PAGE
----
Hurricane Matthew aims for Florida tonight as it carries its devastation to the United States. Winds are holding their own at 140 mph near the center of the storm. Concern revolves around landfall: is it going to brush the coast or head all the way inland near Melbourne and Cape Canaveral? That question has important ramifications for how much storm surge and destruction are expected with Matthew tonight and tomorrow. A storm paralleling the coast will batter more communities, but keep the most vicious wind offshore. A full-fledged landfall well into Florida will cause more damage and storm surge.
Right now it appears the storm will ride all along the coast, hinting at landfall, but never committing fully. As it clears the Bahamas, it should come storming ashore with the might of some of the bigger hurricanes in the past decade.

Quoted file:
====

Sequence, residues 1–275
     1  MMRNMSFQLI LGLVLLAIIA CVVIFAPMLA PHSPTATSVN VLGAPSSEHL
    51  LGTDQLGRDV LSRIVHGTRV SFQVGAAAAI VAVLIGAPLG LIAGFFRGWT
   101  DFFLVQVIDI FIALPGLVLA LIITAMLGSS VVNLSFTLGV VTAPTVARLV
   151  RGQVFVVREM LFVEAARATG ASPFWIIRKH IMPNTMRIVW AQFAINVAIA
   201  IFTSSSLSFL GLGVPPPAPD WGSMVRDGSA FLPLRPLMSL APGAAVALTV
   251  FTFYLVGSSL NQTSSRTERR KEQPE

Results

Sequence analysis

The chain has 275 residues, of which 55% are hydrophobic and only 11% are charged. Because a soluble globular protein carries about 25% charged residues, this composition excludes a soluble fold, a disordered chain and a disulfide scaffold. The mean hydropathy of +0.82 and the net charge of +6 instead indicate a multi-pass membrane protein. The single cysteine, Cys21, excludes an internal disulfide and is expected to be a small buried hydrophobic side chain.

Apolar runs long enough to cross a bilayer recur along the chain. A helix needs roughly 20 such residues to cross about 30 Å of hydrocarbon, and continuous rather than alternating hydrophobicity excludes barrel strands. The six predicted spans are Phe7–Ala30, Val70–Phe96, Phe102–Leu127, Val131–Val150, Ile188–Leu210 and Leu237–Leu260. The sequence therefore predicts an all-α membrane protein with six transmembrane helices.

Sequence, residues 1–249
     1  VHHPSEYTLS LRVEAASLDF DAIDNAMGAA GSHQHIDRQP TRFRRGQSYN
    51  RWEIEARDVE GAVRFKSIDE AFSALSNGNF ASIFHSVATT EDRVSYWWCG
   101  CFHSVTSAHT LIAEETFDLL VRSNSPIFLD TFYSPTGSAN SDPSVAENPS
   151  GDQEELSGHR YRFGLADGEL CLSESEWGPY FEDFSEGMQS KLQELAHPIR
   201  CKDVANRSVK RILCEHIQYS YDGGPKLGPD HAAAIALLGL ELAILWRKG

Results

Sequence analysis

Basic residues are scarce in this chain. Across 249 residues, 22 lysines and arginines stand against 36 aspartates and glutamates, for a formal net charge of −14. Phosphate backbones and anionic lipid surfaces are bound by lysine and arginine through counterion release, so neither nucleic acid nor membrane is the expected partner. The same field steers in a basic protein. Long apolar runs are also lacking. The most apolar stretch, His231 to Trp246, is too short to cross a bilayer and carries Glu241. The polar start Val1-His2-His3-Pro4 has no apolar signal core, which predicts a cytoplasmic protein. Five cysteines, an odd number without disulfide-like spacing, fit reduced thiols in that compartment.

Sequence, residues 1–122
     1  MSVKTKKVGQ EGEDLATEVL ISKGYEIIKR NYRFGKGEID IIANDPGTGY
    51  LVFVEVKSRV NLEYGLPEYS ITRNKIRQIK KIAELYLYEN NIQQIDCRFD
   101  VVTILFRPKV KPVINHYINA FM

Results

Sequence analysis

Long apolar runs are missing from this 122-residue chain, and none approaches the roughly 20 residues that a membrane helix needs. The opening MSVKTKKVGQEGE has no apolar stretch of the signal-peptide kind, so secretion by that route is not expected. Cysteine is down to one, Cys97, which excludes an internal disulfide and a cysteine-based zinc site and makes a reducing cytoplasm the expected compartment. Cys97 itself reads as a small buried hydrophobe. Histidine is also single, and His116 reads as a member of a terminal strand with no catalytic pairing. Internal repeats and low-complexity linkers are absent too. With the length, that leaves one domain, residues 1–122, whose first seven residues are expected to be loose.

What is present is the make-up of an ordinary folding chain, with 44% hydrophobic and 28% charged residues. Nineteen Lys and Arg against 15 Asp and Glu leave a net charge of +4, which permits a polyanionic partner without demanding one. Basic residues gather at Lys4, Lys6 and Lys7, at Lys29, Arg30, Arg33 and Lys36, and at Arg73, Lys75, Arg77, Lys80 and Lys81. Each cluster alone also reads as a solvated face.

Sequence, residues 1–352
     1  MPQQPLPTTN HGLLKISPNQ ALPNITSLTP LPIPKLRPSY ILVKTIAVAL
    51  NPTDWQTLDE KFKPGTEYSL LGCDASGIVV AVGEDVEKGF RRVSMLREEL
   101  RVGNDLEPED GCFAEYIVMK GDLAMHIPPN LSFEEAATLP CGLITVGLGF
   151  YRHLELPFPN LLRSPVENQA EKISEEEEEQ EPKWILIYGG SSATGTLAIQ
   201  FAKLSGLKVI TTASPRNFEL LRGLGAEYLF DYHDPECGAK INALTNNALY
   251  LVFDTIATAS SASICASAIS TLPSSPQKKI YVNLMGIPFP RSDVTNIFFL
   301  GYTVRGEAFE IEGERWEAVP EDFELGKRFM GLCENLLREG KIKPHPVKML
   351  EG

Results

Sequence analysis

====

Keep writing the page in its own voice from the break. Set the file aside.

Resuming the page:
While Florida hunkers down, we unwind under high pressure and sunshine. Highs again crest well over 70 in most spots tomorrow. Light onshore breezes at the coast should hold temps in the upper 60s.
A weak cool front will approach this weekend, marked for passage late Saturday and early Sunday. That part of the holiday weekend is the cloudiest, although never enough to qualify as overcast. Showers - more likely sprinkles - will scoot through Saturday night. Some of them may be left on the Cape until midday Sunday as the front slows down and bumps into Matthew.
Speaking of, this bump should be enough to turn him away from the Carolinas and a little offshore, but since the nudge is only slight, it's possible that early next week Matthew may loop back toward Miami! This is late in the forecast period where errors can be large, so there's not a lot compel us to believe this will happen. Nonetheless, we'll be on top of it all the way to the end.